Unrest in Under-21 camp didn't help cause versus Dubs
Published 11/06/2016 | 00:00
The quest for four-in-a-row continues to haunt counties, with the Wexford Under-21 hurlers proving no exception.
It is very easy to criticise a team in defeat, but one cannot take from the fact that the Model county's Under-21 players gave us three exciting years winning provincial titles. While the elusive All-Ireland title may have slipped away, one cannot take from the heroics of this young set of players who represent the future of Wexford hurling.
The sharpness was simply not there on the night for whatever reason. Wexford were honest and hard-working but this was a trip too far, perhaps for a variety of reasons.
There were rumblings of discontent in the camp in the week leading up to the game. Many believe it was built around the Kevin Foley saga, with the Rapparees player being eventually included in the substitutes after an earlier text message had declared him not being considered for a place in the squad, with management citing examinations and being unable to train in the two weeks leading up to the game. In the end player power won out, with Foley included in the substitutes, and being the first man called upon shortly before the interval.
Player power is becoming a common scenario on the inter-county scene. One can relate back to the Galway saga leading to the exit of Anthony Cunningham. But the Wexford situation, in my opinion, goes much deeper.
Wexford had so many of their Under-21 players included in the Senior squad, in stark contrast to Dublin, resulting in those players undertaking strenuous training demands since last October, giving them eight months of hard slog, training and games ahead of their Under-21 opener last Wednesday.
This training with the Senior squad is added to by the demands of the Under-21 team management, leaving one under no illusions as to why the players were so flat when it came to their championship opener, their most important game of the year thus far.
This is in stark contrast to Dublin, who only have a couple of players involved at Senior level, leaving Wexford native Joe Fortune with a clear run of preparation to meet the Model county challenge. While Wexford players have also been involved at club level in both hurling and football, the Dubs concentrate on one code with no club championship action, which explains their sharpness on the evening.
Perhaps it will be time for Wexford to take stock once the hurling and football qualifiers are over. Last year a return to high-powered training in October was far too demanding, giving no time for players' physical recovery. County management should now insist on a closed two months in the interest of player welfare, before a return to inter-county activity in January.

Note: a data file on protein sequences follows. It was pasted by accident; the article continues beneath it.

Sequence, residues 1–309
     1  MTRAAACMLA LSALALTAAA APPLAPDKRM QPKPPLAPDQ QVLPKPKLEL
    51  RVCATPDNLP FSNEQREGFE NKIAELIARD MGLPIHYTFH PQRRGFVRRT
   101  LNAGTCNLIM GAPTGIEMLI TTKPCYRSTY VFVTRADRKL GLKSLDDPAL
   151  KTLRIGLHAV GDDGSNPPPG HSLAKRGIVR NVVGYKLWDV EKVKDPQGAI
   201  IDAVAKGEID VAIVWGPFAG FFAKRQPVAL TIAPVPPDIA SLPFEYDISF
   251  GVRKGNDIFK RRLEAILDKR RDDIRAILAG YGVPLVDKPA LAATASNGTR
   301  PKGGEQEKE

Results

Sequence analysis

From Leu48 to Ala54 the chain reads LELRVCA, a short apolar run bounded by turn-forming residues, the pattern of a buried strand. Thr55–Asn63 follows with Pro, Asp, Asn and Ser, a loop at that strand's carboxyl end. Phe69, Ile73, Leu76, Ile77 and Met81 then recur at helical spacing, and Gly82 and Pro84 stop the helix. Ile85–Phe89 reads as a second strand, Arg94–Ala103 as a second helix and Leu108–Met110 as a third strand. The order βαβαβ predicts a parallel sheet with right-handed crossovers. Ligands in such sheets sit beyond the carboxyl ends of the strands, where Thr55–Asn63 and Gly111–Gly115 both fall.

A review of the All-County Leagues should also be undertaken with a reduction in divisions. Now is the time to reduce divisions to Premier, Division 1 and Division 2, with meaningful reward for the eventual winners, but more importantly, relegation in each division should determine a club's championship status. Three competitive divisions would increase the overall standard, unlike Coiste na nOg who have created a division for every club in the audience, leading to an erosion of Premier Minor hurling in the county.
Last week my opinions on the standard of refereeing cause quite a stir, but following the weekend gone by my thinking has not changed.
Having covered four games, three Senior and one Intermediate football, the gap in standards was even more mesmerising.
Saturday evening saw consistency in rules application win out, with both Damien Donovan and Seán Whelan deserving credit for their evening's work. But come Sunday evening one witnessed a completely different scenario as one would believe the games were being played under different sets of rules given the stark contrast in the decision-making.
If one was marking out of five stars, one would give four stars to Saturday evening's men in black, Donovan and Whelan, while for Sunday evening the ratings dropped dramatically with Brian O'Leary and Barry Redmond deserving of just two stars each given their controversial decision-making.
Now is the time for the grading of referees to be revisited, particularly after learning that the 2014 Senior football final referee, Brendan Martin, has been demoted despite an excellent exhibition on that occasion.